Cindy Vallar, Editor & Reviewer
P.O. Box 425, Keller, TX 76244-0425
Books for Adults - Nonfiction
What if we got it wrong? What if the accepted version of Edward Teach’s life contains elements of the truth, but also incorporates inaccuracies? This is the premise of Kevin Duffus’ book, and he lays out his hypothesis in careful detail. Lest the reader think this is entirely supposition, the author backs up his claims, when possible, with primary evidence and readily admits he hasn’t connected all the dots yet. In places where this occurs, the text appears in italics.
Duffus’ quest begins with Sister Susie, a tale oft told in eastern North Carolina. As the chapters unfold, he presents evidence that illuminates his hypothesis, and at times he’s most convincing. He believes that contrary to what history has led us to believe, Blackbeard was not from Bristol, England, but from North Carolina. Nor was his last name Teach or Thatch, which is why the author spells Blackbeard as two words rather than one.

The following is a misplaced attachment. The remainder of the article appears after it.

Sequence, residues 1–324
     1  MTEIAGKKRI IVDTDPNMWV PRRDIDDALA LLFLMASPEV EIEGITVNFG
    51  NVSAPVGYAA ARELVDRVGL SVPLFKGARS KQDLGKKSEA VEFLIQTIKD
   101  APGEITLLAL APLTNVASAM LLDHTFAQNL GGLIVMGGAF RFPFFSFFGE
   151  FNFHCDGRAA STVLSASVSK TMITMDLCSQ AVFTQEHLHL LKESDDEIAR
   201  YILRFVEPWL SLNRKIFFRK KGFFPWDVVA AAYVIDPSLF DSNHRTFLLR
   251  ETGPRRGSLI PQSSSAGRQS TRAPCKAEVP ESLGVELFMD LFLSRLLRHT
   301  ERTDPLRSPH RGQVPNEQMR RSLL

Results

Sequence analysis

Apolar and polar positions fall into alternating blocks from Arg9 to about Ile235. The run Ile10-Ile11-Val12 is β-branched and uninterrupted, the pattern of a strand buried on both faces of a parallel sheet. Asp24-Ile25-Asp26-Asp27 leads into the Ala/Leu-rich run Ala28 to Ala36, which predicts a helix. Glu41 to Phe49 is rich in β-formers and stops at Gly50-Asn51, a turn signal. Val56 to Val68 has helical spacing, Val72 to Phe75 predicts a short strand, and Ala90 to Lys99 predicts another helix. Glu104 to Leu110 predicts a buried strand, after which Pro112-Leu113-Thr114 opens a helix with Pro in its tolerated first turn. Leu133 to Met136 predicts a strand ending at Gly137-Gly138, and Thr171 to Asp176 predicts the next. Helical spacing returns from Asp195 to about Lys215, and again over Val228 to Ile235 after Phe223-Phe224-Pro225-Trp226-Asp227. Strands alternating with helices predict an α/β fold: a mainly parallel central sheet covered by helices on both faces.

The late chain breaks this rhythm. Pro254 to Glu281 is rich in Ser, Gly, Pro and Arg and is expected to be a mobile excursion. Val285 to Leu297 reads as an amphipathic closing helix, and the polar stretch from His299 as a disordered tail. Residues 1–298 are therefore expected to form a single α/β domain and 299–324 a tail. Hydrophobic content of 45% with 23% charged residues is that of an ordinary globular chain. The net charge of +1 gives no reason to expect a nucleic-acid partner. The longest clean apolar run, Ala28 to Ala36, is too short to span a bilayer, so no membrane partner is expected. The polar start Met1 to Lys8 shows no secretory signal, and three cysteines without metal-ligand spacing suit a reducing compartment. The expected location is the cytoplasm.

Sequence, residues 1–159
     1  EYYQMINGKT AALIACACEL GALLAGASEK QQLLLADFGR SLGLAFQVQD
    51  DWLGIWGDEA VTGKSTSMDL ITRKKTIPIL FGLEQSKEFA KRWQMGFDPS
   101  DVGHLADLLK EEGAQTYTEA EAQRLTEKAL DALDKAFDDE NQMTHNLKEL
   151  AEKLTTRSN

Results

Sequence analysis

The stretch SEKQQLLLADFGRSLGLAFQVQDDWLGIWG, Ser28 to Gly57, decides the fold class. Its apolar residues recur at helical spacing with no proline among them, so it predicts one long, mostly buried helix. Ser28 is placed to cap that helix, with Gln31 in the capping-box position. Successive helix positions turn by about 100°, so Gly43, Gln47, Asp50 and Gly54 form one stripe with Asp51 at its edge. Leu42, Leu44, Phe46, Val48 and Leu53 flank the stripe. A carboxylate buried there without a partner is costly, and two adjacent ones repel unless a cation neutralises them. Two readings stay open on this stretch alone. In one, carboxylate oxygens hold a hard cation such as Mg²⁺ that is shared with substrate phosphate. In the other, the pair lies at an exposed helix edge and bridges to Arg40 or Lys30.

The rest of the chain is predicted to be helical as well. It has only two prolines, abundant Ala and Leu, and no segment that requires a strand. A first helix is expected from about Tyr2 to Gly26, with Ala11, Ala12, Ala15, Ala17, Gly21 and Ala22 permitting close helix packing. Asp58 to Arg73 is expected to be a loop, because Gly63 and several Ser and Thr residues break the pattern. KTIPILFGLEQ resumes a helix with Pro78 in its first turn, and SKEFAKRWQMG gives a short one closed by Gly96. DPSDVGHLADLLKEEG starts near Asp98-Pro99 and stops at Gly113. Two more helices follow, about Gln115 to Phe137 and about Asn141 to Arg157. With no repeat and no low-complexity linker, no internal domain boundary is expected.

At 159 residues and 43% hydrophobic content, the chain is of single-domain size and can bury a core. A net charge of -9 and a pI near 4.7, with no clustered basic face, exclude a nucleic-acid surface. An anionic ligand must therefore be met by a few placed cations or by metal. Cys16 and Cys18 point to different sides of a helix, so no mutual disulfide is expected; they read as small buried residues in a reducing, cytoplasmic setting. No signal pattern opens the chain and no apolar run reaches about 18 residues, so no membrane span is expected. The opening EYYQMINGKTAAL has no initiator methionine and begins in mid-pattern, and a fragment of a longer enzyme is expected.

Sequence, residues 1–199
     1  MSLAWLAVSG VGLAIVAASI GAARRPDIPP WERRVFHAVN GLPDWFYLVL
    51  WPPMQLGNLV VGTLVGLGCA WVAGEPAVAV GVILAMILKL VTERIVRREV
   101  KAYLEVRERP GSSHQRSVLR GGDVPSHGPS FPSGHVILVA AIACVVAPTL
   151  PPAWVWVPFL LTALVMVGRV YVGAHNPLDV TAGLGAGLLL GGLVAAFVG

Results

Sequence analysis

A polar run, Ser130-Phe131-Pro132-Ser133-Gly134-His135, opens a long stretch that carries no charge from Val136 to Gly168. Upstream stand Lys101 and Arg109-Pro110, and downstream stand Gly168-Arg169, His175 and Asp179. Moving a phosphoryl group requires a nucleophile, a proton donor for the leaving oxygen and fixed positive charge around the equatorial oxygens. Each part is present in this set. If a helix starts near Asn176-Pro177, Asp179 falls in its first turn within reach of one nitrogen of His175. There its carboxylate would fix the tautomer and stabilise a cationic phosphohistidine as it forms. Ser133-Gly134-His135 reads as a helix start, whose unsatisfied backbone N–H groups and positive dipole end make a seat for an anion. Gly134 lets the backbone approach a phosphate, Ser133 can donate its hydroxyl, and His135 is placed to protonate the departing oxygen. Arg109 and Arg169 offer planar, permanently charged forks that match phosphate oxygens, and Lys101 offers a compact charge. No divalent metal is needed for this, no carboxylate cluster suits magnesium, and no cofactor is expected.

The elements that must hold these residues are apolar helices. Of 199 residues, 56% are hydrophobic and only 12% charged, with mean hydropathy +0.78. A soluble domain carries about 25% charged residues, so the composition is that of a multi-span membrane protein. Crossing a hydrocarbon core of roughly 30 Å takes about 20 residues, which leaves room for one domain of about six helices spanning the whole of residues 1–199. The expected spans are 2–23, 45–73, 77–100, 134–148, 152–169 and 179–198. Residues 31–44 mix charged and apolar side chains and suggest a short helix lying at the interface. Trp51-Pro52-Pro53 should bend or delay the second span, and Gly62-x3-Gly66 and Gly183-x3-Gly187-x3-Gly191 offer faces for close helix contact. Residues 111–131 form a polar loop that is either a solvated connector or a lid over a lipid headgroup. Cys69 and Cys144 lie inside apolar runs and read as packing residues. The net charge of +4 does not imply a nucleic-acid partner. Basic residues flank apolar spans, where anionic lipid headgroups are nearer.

The story is as fascinating to read as Duffus’ vigilant attention to its presentation. In the publishing industry, this book is what used to be called a coffee table book. Beautiful color photographs abound. Maps assist the reader in following the trails of various pirates and events.As a writer of historical fiction, I particularly enjoyed reading Chapter Two, which is an intriguing look at how we’ve come to know what we know, or think we know, about Blackbeard. It was also refreshing to find an author who plainly explains why Blackbeard named his flagship Queen Anne’s Revenge. Duffus’ research involved tracking down little-known historical documents in archives as far away as England, a journey that makes for compelling reading.
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